What is the value of undertaking a study to determine the clinical and cost effectiveness of late pregnancy ultrasound to prevent adverse perinatal outcome in nulliparous women?

Addressing priority 2: NIHR Research published.

Currently, women are offered a scan at 20 weeks, but are not offered any scans after that unless a problem is identified. It is currently known that some babies with problems are not picked up by the usual abdominal examinations during antenatal check-ups. As babies that are small, large or not head first prior at birth are more likely to be sick at birth or not survive, it is thought an extra scan in late pregnancy may be helpful and improve outcomes for babies. The trial will evaluate existing evidence, consider and determine the level of appropriate support for women for whom a late scan identifies a problem, evaluate financial costs vs benefit of a screening programme and finally, taking into account all the evidence, design a study of scanning in late pregnancy. HTA will then be able to judge whether or a not a trial of scanning in late pregnancy for all women should go ahead.

Care and support for bereaved parents

Addressing priority 7: Commissioning brief advertised to researchers by the NIHR HTA Programme.

WILL (When to Induce Labour to Limit risk in pregnancy hypertension) - a multicentre, randomised controlled trial

Addressing priority 8: NIHR Research in progress.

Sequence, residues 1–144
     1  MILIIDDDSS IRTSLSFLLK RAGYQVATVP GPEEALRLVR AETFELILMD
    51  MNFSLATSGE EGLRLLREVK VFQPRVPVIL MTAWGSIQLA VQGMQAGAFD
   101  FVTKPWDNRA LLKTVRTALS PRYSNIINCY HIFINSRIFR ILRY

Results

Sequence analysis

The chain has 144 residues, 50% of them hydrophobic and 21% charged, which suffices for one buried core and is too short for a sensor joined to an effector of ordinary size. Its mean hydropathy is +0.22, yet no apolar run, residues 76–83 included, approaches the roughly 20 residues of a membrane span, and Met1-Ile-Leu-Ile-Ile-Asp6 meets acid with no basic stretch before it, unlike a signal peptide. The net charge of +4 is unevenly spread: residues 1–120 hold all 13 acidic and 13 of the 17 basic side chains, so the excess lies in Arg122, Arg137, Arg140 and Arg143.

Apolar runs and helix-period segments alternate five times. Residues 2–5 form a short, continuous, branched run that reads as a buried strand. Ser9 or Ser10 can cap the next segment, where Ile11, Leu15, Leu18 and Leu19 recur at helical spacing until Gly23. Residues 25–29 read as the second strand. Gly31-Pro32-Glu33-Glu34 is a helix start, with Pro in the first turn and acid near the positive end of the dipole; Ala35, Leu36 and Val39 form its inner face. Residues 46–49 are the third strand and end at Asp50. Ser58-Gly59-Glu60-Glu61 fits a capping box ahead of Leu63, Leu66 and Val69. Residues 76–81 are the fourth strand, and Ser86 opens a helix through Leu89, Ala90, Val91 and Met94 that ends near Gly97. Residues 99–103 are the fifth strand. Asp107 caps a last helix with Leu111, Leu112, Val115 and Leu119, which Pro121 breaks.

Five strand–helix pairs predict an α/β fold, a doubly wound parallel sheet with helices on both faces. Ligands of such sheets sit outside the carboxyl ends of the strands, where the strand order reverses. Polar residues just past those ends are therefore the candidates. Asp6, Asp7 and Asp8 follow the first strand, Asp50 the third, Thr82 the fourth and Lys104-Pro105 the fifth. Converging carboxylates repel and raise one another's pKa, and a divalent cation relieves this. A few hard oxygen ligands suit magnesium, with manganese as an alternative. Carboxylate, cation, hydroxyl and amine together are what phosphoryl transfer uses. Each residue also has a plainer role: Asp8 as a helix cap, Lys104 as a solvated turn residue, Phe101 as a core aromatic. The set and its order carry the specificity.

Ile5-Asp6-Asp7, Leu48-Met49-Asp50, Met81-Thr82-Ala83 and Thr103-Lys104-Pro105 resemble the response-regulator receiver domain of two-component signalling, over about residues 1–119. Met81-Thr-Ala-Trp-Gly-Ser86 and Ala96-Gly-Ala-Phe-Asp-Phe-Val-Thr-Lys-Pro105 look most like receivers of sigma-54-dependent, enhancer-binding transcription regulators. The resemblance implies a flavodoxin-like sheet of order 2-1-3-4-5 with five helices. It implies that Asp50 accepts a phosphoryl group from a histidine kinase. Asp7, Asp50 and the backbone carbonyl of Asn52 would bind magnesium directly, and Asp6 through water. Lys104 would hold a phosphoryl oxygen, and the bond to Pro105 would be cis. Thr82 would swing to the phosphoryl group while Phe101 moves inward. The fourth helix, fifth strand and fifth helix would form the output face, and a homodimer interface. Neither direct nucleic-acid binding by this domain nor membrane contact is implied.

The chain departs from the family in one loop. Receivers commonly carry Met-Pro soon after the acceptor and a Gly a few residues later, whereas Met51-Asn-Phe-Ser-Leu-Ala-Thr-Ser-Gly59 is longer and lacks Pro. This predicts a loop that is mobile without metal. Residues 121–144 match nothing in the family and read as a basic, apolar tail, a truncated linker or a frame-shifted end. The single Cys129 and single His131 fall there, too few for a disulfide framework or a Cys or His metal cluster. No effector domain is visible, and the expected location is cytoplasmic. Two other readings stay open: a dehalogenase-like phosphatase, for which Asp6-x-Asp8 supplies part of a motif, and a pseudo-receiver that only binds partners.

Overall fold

This trial tests whether planned delivery at 38 weeks is better than monitoring women and babies until at least 40 weeks. The WILL trial will run for 3 years in about 30 UK hospitals. We will ask women to take part if they have reached 36 or 37 weeks of pregnancy and have high blood pressure and no other current problems. This trial started in June 2018.

Perinatal and 2 year neurodevelopmental outcome in late preterm fetal compromise: the TRUFFLE 2 Randomised Trial

Addressing 3 of the priorities: NIHR Research in progress.

In the last months of pregnancy, babies who are smaller or who grow more slowly than expected are at higher risk of dying in the mother's womb. Some of these smaller babies who survive may have developmental problems later in infancy. Doctors have many ways to monitor such babies in the womb but, until the baby is born, the only treatment available is to deliver the baby. If the pregnancy has reached its full term, induction of labour is the usual option. If the baby is preterm (before 37 weeks of pregnancy) the right course of action is less clear. Delivering the baby early, as soon as there are signs of problems, will minimise any damage due to lack of oxygen in the womb, but the baby may suffer harm as a result of being born prematurely. This research team is looking at the balance of risks linked with continuing the pregnancy a little longer or delivering the baby early.